Scotland wants 18 percent of its energy needs to come from renewable energy sources by 2010.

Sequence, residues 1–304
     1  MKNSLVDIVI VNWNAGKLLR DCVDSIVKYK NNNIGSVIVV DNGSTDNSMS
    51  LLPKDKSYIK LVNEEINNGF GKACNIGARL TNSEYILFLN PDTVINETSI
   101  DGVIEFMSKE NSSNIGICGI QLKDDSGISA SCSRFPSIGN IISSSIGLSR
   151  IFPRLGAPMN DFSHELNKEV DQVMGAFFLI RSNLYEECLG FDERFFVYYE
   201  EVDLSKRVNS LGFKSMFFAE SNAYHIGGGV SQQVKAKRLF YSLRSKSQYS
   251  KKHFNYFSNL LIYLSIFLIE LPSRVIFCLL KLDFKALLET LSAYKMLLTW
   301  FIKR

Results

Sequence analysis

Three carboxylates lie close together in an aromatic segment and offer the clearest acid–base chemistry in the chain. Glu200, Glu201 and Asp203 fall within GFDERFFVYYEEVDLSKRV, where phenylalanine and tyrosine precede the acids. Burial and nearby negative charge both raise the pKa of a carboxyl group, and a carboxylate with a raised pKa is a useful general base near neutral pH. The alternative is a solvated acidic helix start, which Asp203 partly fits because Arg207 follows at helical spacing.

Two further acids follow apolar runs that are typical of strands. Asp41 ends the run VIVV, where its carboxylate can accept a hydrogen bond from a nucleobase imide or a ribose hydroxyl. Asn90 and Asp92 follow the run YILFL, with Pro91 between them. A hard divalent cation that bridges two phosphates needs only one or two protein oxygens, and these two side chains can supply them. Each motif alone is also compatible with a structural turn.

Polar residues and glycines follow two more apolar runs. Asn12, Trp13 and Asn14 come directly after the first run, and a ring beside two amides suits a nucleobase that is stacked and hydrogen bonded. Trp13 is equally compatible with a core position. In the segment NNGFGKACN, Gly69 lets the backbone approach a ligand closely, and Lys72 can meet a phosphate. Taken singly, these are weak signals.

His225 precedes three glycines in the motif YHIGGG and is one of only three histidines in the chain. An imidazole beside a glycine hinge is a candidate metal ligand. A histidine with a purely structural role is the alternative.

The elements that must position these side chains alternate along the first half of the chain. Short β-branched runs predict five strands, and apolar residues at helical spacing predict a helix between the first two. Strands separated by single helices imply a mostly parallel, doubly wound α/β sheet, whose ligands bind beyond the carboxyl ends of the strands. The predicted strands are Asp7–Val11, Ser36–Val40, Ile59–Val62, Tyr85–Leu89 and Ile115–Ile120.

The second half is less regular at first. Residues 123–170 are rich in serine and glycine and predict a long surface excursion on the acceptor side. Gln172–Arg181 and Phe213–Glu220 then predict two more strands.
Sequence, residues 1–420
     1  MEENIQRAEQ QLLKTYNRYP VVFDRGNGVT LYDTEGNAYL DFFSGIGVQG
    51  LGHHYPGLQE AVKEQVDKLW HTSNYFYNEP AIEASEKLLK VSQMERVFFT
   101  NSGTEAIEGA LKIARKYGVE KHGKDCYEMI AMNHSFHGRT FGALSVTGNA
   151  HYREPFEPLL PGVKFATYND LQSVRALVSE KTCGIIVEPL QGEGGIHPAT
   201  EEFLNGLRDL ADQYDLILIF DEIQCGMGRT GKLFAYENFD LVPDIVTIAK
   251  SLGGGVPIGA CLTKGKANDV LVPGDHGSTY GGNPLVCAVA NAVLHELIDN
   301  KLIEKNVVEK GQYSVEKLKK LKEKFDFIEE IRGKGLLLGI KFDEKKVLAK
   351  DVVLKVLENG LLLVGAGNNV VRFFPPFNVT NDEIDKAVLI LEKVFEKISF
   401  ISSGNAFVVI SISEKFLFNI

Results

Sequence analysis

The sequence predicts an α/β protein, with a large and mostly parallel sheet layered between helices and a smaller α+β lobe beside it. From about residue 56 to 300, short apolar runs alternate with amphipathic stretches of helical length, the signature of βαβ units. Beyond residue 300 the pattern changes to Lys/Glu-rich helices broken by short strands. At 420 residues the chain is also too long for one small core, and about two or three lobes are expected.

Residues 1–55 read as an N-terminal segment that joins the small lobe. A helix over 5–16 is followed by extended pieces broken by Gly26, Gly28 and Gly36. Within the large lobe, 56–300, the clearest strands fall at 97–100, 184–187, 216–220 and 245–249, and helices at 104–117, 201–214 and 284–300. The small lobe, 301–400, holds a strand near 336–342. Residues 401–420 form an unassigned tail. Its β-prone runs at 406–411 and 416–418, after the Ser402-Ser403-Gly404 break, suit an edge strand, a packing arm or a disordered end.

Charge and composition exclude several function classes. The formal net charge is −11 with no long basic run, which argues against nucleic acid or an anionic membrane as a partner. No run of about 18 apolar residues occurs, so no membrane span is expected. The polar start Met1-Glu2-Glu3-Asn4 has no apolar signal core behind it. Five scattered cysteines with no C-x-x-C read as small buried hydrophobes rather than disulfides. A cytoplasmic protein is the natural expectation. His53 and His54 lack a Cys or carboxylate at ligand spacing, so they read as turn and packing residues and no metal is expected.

EDINBURGH, Scotland, UK, 2001-04-12 <SolarAccess.com> The Scottish Executive issued a consultation paper on renewable energy policy last year to obtain views on how best to meet the commitment. Last November, it published revised planning policy guidance on development of renewables as under the ‘National Planning Policy Guideline 6.’ The British government has announced its plans to stimulate the development of the renewable energy industry and to obtain 5 percent of the country’s electricity from renewables by 2003, and 10 percent in 2010, subject to some conditions. The policy has five key aims, which include reducing greenhouse gas emissions, providing diverse and sustainable energy supplies, stimulating the development of new technologies from renewables, helping the domestic renewables industry to become competitive at home and in export markets, and to make a contribution to rural development. The Department of Trade & Industry published consultation document on its Renewables Obligation in October, proposing that the obligation place new statutory requirements under the Utilities Act 2000 on all suppliers in England and Wales. The promotion of renewable energy under the Act is devolved to the Scottish Executive, allowing Scottish Ministers to set a separate obligation for Scotland and to exclude certain technologies. The consultation paper elicited 150 responses, with one third strongly supporting the 5 percent target, but half calling for a greater increase. Only two respondents felt the ROS was unnecessary, while one called the proposals “deplorable” and said more money should be invested in nuclear power. At least 20 of the responses from private individuals were received as part of a letter campaign orchestrated by the Friends of the Earth. The Renewables Obligation – Scotland (ROS) will oblige all power suppliers to obtain renewables obligation certificates under regulations that are expected to be released this month and to come into effect by October. “Scotland is already well endowed with renewable energy sources,” says the consultation document. More than 1,200 MW of hydro capacity supplies 11 percent of electricity demand depending on rainfall, and 100 contracts have been awarded since 1995 under the Scottish Renewables Obligation (SRO). Despite a slow start, these projects currently meet 1 percent of Scotland’s electricity demand and will rise to 2 percent over the next few years. Two thirds of wind energy applications have been approved in Scotland, much higher than the comparable rate in England and Wales. A draft proposal suggested that legislation require 5 percent to come from renewables by 2010, which would boost the total supply expected from renewables to 18 percent. The proposal was supported by a large majority of respondents, although some wanted the Executive to go for a higher target while others opposed an extension of renewable energy use in Scotland on the grounds that it already met the British government target of 10 percent. Scottish Ministers agreed to set the ROS target to 5 percent, and the legislation will remain in force for 25 years. In contrast with previous arrangements, Scottish Ministers will not direct which specific projects at specific sites will be developed to meet the target, but allow the market to make those decisions. Ministers can specify which technologies will not qualify for support, and have excluded hydro schemes of more than 10 MW net capacity from ROS support on the basis that large hydro is a well established technology. The Ministers have not yet taken a final view on whether energy from waste incineration or from waste gasification should be included or excluded from support, but energy from landfill gas and sewage gas should qualify. The volume of the available Scottish wind resource could sustain a large increase of renewable energy from onshore windfarms, although such sites would require “considerable strengthening” of the grid in the north and west. “There currently may be an opportunity to develop a lead in wave energy and other marine power technology,” and the document suggests there could be an advantage in establishing a home market in that technology. “I am determined that Scotland should play its full part in meeting the UK’s climate change targets, including the 10 percent UK renewables target,” said Environment minister Sarah Boyack when she launched the consultation session last year. “We are aware that a significant increase in the production of renewable energy in Scotland will face particular barriers.”